A Primer on Managed Care: Multiple Chronic Conditions

and lessons learned from the Dementia CMC Project will be relevant to these models. California’s efforts to improve dementia care in the duals demonstration are currently being replicated with ACL’s support in the State of Texas. And following California’s lead, the State of Rhode Island’s duals demonstration also man- dates the training of dementia care specialists. Additionally, the opportunity to access publicly funded HCBS may soon be expanded in a limited way to beneficiaries with Medicare alone. The recently passed CHRONIC Care Act expands Medicare Advantage supplemental ben- efits to non-medical services and includes flex- ibility to offer some types of HCBS, such as adult day services or evidence-based caregiver edu- cation that could help plans avoid the costs of unnecessary hospitalizations or institutionaliza- tions. However, because Medicare Advantage ‘We didn’t have a good grasp on how many of our members potentially had dementia.’ plans are only required to support ninety days of long-term care, it is uncertain whether the desire to avoid such costs will be strong enough to incentivize the use of these new HCBS bene- fit options. Reforms such as CMC provided extra financial incentives to plans by making them responsible for the full extent of HCBS, LTSS, and long-term care. Given the growing population of low-income older adults with complex care needs, a managed care approach with well-trained care manag- ers and robust partnerships with CBOs can help support people in the community setting. The potential cost-savings resulting from providing dementia-capable care coordination are likely to make these models attractive to federal and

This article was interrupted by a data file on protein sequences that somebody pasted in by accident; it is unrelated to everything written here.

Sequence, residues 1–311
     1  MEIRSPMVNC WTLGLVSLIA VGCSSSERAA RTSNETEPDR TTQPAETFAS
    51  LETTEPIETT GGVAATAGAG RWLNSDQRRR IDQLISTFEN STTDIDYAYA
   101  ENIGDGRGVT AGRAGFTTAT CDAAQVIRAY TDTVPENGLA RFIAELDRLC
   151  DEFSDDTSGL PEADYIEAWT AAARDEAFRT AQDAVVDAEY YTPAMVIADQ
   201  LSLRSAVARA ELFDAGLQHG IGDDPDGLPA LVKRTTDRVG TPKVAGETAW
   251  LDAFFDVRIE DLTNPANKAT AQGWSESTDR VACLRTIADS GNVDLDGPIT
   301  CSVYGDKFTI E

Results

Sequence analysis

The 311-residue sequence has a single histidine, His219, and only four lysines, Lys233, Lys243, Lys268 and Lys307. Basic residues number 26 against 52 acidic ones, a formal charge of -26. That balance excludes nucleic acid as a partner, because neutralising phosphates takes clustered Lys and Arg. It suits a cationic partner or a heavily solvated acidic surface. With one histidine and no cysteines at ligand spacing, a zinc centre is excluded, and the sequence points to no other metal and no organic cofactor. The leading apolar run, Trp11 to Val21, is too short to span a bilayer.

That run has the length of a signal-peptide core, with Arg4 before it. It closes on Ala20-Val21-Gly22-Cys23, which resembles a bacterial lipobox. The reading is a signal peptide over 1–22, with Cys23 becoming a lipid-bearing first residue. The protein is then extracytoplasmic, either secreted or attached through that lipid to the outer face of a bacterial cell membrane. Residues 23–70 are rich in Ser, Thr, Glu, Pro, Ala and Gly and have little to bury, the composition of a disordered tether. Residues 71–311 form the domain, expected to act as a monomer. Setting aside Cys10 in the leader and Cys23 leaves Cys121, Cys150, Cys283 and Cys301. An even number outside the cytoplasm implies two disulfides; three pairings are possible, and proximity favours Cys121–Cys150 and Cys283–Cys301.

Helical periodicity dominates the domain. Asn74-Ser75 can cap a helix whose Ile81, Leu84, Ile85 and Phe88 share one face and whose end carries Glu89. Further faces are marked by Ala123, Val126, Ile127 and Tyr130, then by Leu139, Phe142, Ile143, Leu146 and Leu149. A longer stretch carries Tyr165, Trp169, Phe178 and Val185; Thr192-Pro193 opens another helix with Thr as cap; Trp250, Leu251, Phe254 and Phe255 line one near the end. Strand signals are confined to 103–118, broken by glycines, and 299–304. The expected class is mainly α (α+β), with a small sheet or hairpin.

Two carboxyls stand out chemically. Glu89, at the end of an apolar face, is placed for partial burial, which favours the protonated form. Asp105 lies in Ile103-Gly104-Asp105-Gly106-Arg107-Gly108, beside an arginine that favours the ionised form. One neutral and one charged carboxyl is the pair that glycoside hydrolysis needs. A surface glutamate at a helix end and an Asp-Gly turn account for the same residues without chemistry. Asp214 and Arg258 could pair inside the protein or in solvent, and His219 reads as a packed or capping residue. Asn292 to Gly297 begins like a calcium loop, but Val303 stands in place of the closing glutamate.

state payers and policy makers for the foresee- able future.

Brooke Hollister, Ph.D., is an associate professor in the Institute for Health & Aging at the University of California, San Francisco (UCSF), and in the Center for Care Research at the University of Agder, Norway. She can be contacted at Jarmin Yeh is a doctoral candidate in the Social and Behavioral Sciences Department at UCSF and a graduate student researcher in the Institute for Health & Aging. Leslie Ross, Ph.D., is a research specialist in the Institute for Health & Aging and in the Social and Behavioral Sciences Department at UCSF. Jennifer Schlesinger, M.P.H., is director of Professional Training and Healthcare Services at Alzheimer’s Los Angeles. Debra Cherry, Ph.D., is executive vice president of Alzheimer’s Los Angeles and voluntary clinical faculty at University of California, Los Angeles. Authors’ Note This project was supported, in part, by grant numbers 90DS2002-01-00 and 90DS2017-01-00, from the Administration on Aging, U.S. Admin- istration for Community Living (ACL), U.S. Department of Health and Human Services, the California Department of Aging, and the Change AGEnts Initiative Dementia Caregiving Network, funded by The John A. Hartford Foundation through a multi-year grant to The Gerontological Society of America. Additional funding was pro- vided by the Allergan Foundation, the Rosalinde and Arthur Gilbert Foundation, the Ralph M. Parsons Foundation, and the Harry and Jean- nette Weinberg Foundation. Grantees undertak- ing projects under government or foundation sponsorship are encouraged to express freely their findings and conclusions. Grantees’ points of view or opinions do not, therefore, necessarily represent those of ACL, the California Depart- ment of Aging, or any other of the project funders.

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